- Euro Gains as Bonds Decline With Stocks on Inflation Data (BBG)
- Biggest Sovereign Fund Forced to Sell Stocks as Mandate Breached (BBG)
- Because we don't already have enough fried foods.. (Reuters)
- Putin: Russia to Consider Aid to Ukraine (AP)
- Wall Street Hates JPMorgan Fee for $1 Trillion Junk Loans (BBG)
- Yellen Sticks to Plan Amid Weather Doubts (WSJ)
- U.S. Retail Chains See First Profit Decline Since Recession (BBG)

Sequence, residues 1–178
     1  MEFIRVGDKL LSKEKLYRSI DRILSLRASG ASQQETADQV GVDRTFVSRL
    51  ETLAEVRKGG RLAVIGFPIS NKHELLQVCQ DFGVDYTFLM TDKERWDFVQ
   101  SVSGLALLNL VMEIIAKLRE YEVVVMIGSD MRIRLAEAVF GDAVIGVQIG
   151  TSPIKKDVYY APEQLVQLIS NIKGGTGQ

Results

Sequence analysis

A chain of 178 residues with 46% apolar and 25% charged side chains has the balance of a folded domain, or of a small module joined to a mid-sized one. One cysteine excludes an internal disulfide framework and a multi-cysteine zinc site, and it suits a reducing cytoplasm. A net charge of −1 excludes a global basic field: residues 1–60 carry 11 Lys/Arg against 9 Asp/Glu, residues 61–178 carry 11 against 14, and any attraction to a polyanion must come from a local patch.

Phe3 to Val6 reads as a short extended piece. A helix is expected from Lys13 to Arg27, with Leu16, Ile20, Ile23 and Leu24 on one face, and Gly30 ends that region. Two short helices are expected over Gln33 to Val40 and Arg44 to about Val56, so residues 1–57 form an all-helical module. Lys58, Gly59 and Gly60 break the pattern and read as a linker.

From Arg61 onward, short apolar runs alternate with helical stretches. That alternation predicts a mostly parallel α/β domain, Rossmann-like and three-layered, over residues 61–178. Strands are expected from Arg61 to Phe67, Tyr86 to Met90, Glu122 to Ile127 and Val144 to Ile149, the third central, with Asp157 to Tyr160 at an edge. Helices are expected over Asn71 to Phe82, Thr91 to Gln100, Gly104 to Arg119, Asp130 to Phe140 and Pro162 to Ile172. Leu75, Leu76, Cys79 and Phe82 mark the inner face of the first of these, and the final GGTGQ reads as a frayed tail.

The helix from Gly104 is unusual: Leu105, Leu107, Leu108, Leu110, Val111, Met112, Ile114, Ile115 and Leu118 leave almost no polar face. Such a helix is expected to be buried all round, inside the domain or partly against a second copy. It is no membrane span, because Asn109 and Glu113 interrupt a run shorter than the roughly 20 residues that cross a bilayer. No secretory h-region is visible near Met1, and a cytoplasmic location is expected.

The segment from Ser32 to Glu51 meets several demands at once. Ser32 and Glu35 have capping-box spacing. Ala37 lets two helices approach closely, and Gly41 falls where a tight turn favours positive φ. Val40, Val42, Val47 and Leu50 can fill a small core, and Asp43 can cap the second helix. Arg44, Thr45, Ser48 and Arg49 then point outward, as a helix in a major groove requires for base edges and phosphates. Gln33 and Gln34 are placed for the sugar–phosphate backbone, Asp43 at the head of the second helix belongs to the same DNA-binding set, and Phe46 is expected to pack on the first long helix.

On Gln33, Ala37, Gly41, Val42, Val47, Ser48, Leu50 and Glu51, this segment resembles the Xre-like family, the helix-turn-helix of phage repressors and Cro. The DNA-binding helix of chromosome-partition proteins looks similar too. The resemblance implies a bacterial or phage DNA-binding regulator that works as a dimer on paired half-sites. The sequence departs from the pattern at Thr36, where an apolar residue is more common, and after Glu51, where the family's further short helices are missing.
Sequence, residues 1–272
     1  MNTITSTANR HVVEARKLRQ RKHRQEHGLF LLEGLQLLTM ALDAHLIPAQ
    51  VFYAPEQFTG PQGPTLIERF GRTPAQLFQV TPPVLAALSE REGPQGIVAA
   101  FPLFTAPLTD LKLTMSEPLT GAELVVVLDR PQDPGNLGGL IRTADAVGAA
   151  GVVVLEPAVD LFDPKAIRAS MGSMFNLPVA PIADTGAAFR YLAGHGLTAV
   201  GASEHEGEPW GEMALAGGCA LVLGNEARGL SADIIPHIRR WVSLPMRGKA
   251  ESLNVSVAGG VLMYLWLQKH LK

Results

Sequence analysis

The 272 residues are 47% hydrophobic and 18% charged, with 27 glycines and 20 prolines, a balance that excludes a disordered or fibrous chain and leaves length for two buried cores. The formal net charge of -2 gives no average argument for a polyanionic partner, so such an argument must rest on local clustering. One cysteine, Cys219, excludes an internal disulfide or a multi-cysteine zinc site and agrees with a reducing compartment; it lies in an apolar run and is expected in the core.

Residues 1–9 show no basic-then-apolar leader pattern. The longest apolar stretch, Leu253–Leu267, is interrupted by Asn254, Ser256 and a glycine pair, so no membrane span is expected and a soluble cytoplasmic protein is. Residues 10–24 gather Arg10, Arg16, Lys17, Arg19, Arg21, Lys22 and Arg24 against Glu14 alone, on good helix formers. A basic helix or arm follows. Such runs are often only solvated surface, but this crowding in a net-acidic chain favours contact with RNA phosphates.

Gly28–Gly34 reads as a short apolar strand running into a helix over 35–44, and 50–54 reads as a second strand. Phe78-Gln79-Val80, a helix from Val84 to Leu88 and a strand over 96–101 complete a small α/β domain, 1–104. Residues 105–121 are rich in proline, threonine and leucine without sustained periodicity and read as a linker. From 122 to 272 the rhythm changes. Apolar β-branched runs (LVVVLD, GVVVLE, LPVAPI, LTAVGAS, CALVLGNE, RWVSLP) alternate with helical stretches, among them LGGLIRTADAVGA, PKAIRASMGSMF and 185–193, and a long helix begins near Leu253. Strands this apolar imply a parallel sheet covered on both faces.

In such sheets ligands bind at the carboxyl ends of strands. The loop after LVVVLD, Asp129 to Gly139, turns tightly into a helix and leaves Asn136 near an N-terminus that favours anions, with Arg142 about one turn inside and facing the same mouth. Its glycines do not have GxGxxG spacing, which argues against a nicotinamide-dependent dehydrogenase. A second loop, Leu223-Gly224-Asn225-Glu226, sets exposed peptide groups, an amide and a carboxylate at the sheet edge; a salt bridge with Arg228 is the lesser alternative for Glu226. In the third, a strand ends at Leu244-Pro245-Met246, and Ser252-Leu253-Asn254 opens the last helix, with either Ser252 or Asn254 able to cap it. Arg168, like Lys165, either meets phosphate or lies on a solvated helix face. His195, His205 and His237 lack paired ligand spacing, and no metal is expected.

For the second night in a row, China, and specifically its currency rate which saw the Yuan weaken once more, preoccupied investors - and certainly those who had bet on endless strenghtening of the Chinese currency - however this time it appeared more "priced in, and after trading as low as 2000, the SHCOMP managed to close modestly green, which however is more than can be said about the Nikkei which ended the session down 0.5%. Still, the USDJPY was firmly supported by the 102.00 "fundamental" fair value barrier and as a result equity futures, which had to reallign from tracking the AUDUSD to the old faithful Yen carry, have been propped up once more and are set to open at all time highs. If equities fail to breach the record barrier for the third time in a row and a selloff ensues after the open in deja vu trading, it will be time to watch out below if only purely for technical reasons.